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    TEMPERANCE: HEALTHFUL LIVING

    This unity of health and holiness involves the principle of a regard for temperance and healthful living. We have seen that this was a specific study in the schools of the prophets. We have seen that temperance was one of the prominent characteristics of the youth and, indeed, the life of Daniel. That this was taught to him in the school which he attended, and was a material part of his education before his captivity, is evident from the fact that it was already a fixed principle in his life at that time.PBE 184.1

    When the royal captives reached Babylon, “the kind appointed them a daily provision of the king’s meat, and of the wine which he drank.” The word here translated “meat” signifies “dainties;” and refers to the royal dainties, such as would be expected at the table of such a great king. It included flesh meats, of course; for these were largely used; but the word signifies all the royal dainties.PBE 184.2

    But Daniel refused it all, and also refused the wine, and chose “pulse to eat, and water to drink.” The word translated “pulse” is a word of wide meaning, just as is the word translated “meat,” referring to the king’s dainties. The word translated “pulse” comprehends the whole realm of vegetarian diet, just as the other word comprehends the whole field of the King’s dainties. What Daniel asked was that he, with his three companions, might have a vegetarian diet for food, and water to drink, instead of the richly-prepared and highly-seasoned dainties of the king’s table for food, and his wine for drink.PBE 185.1

    This action of those four boys was but the expression of a fixed principle, derived from knowledge of the effects which the king’s provision would have. For Daniel not only “purposed in his heart” that he would not partake of the king’s victuals and drink, but he did this because “he would not defile himself” with those things. He refused that food and drink because he knew their defiling effect upon those who used them.PBE 185.2

    For the effect of all such food and drink is certainly to defile. To illustrate: If your lamp chimney is all befogged, the light will not shine clearly through it: not half the light will shine through it then that will shine through it when it is well cleaned. Yet the light itself within the chimney may be the same all the time. The oil may be of the purest, the wick perfectly trimmed, there may be no lack whatever in the light itself; yet if the chimney be dusty, smoky, or in any way befogged, the light will not shine clearly. It simply can not shine clearly, because of the condition of the medium through which it must shine.PBE 185.3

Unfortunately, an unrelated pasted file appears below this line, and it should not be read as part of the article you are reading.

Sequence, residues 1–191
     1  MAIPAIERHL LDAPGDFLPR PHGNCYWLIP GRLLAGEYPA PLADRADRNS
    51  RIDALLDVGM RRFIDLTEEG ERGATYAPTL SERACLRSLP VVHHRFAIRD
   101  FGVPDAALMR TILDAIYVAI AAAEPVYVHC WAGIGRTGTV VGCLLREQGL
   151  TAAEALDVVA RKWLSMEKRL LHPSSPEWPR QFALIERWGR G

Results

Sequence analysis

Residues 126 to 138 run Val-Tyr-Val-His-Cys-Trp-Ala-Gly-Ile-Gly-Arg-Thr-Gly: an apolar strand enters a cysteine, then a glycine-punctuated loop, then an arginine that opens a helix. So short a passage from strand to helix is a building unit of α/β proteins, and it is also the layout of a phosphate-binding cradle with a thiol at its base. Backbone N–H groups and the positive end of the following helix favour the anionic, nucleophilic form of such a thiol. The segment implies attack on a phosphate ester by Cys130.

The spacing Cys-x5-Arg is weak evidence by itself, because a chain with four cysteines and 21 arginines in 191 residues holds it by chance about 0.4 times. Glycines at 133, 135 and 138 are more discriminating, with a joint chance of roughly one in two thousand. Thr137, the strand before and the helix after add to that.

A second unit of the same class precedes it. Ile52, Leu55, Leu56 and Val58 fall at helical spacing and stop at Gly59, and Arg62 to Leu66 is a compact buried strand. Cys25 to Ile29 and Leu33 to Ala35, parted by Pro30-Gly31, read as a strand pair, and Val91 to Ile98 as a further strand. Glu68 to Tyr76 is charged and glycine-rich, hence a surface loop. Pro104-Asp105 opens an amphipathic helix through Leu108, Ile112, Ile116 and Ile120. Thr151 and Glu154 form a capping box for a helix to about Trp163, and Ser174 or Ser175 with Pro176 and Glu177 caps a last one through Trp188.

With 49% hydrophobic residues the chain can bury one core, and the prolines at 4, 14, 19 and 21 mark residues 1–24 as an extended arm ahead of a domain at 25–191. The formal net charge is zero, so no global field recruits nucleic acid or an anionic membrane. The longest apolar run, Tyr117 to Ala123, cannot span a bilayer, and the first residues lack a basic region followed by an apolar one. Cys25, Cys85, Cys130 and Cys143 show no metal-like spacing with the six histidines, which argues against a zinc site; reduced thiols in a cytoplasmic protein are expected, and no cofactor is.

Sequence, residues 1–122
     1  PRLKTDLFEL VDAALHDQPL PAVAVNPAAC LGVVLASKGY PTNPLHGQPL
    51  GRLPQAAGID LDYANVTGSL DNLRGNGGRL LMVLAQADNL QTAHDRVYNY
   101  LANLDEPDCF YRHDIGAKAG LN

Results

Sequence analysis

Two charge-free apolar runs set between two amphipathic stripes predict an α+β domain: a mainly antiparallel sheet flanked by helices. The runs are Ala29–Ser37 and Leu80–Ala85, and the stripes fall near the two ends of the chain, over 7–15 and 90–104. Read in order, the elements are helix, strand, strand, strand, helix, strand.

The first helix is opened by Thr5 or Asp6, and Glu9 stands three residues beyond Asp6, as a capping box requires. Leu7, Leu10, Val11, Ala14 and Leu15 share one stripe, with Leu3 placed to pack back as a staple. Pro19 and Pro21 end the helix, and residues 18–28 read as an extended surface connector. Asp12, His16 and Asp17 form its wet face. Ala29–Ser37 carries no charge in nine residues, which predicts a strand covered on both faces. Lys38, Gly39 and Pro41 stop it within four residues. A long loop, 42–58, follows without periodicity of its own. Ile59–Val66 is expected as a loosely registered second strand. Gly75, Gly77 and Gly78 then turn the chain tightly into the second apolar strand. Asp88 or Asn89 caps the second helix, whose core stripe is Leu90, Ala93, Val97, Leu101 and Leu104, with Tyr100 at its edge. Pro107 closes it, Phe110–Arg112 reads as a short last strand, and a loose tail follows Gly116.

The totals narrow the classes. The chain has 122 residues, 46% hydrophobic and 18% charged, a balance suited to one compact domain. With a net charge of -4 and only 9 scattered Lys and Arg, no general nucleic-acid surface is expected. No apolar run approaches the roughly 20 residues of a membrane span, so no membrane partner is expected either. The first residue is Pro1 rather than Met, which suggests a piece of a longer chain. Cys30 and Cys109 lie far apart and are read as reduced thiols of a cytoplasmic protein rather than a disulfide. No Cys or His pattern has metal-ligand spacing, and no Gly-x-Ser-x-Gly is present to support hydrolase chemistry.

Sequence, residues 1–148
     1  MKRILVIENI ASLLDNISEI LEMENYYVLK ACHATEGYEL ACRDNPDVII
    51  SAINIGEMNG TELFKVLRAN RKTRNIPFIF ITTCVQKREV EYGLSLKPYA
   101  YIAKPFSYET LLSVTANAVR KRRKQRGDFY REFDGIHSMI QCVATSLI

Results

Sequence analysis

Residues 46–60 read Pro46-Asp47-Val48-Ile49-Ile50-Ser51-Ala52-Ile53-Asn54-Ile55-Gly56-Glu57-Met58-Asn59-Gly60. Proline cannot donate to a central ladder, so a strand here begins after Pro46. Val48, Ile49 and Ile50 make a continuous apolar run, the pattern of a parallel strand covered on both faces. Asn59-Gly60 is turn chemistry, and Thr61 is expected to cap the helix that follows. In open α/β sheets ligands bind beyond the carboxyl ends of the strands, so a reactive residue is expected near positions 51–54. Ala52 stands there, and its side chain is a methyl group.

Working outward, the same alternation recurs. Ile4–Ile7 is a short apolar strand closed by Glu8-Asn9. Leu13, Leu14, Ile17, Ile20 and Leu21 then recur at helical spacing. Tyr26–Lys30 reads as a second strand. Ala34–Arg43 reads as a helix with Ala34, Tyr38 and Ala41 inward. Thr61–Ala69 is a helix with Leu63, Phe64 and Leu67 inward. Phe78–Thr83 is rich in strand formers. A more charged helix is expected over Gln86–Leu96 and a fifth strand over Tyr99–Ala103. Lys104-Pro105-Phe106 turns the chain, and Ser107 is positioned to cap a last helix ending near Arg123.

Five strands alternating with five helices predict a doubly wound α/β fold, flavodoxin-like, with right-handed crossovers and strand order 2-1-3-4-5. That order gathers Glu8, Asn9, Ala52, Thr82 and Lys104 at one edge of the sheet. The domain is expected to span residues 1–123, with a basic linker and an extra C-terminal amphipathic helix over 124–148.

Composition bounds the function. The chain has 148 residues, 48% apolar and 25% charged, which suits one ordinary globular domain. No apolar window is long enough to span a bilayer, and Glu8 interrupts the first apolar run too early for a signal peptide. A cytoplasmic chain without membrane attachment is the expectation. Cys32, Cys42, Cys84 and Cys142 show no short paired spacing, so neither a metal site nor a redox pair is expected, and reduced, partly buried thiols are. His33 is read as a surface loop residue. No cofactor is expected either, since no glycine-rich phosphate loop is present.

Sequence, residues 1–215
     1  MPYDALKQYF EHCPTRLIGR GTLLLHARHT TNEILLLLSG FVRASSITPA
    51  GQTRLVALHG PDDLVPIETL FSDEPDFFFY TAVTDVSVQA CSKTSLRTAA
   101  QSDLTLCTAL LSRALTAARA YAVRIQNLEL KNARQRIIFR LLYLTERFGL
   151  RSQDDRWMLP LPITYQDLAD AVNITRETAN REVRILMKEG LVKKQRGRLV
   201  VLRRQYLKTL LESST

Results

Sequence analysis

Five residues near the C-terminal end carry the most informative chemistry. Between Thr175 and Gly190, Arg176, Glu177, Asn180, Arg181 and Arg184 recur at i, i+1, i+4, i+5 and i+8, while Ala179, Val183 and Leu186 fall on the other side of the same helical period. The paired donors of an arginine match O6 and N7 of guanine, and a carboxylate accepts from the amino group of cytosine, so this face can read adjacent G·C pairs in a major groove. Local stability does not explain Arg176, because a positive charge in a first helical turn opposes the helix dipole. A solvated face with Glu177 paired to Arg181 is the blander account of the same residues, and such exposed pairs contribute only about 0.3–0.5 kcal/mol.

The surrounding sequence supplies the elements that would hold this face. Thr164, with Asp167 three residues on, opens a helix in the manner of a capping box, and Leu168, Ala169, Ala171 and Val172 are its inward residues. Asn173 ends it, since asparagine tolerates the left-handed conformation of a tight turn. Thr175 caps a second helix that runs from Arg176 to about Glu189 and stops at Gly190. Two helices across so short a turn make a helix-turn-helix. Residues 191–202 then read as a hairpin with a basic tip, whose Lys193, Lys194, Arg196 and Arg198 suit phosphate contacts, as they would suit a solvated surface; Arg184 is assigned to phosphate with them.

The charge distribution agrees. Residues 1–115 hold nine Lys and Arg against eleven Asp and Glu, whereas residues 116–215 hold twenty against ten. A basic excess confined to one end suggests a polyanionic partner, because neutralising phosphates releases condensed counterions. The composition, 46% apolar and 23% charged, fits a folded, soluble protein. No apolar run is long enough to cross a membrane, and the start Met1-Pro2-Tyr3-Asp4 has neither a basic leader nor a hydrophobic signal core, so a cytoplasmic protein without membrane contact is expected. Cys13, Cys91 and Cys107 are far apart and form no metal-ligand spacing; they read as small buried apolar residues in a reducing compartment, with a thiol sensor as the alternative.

You know that when this is so, the thing to do is not to tinker the light nor to find fault with it, but to clean the chimney. And you know that when you do clean the chimney, the light is not only allowed to shine through, but it is actually enabled to shine as it can not possibly without any chimney. Thus it is literally true that, other things being equal, the strength and clearness of the light depend upon the medium through which it must shine.PBE 186.1

    Now, believers in Christ are the mediums through which the light of God, by His Holy Spirit, must shine to the world. That light is perfect. It is impossible that there should be any lack whatever in the perfect shining of that light itself. So far as there is any lack in perfect shining, it is altogether because of defect in the medium through which the light would shine. And anything whatever that benumbs the nerves or clogs the blood, befogs the system and bedims the light of God, as certainly as that befogged lamp chimney bedims the light of the lamp.PBE 186.2